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Purple urine bag syndrome in palliative care
  1. Sanhapan Wattanapisit1,
  2. Apichai Wattanapisit2,3,
  3. Anong Meepuakmak1 and
  4. Pornnipa Rakkapan1
  1. 1Palliative Care Unit, Thasala Hospital, Thasala, Nakhon Si Thammarat, Thailand
  2. 2School of Medicine, Walailak University, Thasala, Nakhon Si Thammarat, Thailand
  3. 3Walailak University Hospital, Thasala, Nakhon Si Thammarat, Thailand
  1. Correspondence to Dr Apichai Wattanapisit, School of Medicine, Walailak University, Thasala, Nakhon Si Thammarat, 80160, Thailand; apichai.wa{at}wu.ac.th

Abstract

Purple urine bag syndrome (PUBS) is a rare condition characterised by urine discolouration. The management of PUBS remains controversial. Four females (mean age 84.5±9.7 years) with palliative conditions (two cancer and two non-cancer cases) presenting PUBS were identified. Urine bags were changed in all cases. Urinary catheters were changed in three cases. Oral antibiotics were prescribed in two cases and used in one case. Urine discolouration was resolved in all cases. One patient (without antibiotic treatment) died on day 5 after presentation of PUBS. Three patients (one out of three cases used oral antibiotics) were clinically stable after the management of PUBS. There was no recurrence of PUBS. Caring for patients with PUBS should be based on clinical decisions, patient status and the goals of care. Palliative care teams should focus on the prevention of PUBS by shortening the duration of catheterisation and minimising modifiable risk factors for this condition.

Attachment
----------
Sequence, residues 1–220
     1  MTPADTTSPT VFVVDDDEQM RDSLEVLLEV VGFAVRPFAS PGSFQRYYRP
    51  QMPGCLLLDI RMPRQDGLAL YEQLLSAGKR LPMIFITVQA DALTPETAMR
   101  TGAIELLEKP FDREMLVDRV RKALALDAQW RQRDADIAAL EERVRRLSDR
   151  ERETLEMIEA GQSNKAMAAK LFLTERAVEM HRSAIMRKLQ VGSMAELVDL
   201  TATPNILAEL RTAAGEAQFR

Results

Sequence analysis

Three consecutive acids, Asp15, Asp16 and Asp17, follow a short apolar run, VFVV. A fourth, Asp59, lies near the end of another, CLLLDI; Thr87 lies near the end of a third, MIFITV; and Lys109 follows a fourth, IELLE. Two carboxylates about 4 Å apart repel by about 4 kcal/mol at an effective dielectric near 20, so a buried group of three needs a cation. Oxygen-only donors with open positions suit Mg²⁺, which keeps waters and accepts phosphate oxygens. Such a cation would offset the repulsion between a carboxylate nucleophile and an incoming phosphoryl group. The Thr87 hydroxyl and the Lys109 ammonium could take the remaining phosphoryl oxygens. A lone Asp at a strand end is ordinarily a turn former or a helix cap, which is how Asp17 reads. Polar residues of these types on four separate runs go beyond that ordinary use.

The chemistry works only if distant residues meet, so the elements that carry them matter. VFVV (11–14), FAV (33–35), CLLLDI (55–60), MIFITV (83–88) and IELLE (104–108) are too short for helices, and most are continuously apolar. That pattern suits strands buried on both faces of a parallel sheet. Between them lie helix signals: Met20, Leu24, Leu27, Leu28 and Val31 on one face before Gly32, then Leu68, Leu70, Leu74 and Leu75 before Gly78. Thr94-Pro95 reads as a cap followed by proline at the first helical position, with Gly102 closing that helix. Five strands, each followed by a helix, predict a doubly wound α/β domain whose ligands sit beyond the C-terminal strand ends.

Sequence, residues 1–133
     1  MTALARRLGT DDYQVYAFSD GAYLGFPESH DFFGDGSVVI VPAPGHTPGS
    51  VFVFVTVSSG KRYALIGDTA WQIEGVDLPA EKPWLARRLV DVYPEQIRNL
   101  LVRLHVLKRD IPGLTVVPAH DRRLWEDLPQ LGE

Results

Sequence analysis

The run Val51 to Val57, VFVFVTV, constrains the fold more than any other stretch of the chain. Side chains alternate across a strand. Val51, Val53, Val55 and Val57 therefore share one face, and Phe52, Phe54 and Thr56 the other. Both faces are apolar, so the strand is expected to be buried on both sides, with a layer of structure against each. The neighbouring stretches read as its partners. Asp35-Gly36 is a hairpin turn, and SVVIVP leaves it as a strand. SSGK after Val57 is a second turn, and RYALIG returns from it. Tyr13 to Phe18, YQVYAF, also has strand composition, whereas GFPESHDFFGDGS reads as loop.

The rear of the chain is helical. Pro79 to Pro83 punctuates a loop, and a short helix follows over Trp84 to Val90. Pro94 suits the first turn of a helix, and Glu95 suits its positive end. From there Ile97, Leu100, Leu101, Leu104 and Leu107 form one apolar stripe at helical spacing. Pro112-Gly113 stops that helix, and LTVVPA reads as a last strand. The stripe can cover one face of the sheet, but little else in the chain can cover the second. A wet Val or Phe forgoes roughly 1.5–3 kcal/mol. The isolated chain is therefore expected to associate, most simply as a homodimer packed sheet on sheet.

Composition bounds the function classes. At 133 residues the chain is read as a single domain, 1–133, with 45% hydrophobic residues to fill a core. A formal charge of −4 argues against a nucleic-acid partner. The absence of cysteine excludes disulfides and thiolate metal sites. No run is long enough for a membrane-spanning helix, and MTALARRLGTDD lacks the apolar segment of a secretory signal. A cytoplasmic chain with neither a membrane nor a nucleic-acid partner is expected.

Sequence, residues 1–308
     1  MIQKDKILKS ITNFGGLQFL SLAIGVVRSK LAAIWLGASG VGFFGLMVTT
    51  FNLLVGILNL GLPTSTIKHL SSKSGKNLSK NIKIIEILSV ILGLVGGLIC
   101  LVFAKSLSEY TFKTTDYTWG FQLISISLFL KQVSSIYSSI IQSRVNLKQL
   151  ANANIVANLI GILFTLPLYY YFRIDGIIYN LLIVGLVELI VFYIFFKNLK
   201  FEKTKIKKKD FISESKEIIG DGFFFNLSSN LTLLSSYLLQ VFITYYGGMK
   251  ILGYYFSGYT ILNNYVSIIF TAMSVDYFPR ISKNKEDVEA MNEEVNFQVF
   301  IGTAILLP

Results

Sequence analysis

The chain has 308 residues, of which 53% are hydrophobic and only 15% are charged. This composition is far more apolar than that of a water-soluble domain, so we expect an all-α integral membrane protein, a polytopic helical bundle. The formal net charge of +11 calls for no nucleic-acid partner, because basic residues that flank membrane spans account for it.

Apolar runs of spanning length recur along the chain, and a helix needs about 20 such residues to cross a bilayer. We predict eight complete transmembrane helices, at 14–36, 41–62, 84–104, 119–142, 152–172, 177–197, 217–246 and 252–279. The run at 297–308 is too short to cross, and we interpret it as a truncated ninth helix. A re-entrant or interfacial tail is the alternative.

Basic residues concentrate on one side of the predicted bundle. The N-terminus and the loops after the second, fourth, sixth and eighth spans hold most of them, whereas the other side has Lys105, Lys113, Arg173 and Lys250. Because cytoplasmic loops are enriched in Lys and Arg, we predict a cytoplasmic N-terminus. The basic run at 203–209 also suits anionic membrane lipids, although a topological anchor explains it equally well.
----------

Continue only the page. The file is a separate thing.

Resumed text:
• home care
  • palliative care
  • purple urine bag syndrome
  • urinary catheterisation

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Footnotes

  • Contributors SW, AM and PR were responsible for clinical information. SW and AW summarised the information and drafted the manuscript. All authors read and approved the final manuscript.

  • Funding The authors have not declared a specific grant for this research from any funding agency in the public, commercial or not-for-profit sectors.

  • Competing interests None declared.

  • Patient consent Next of kin consent obtained.

  • Provenance and peer review Not commissioned; internally peer reviewed.

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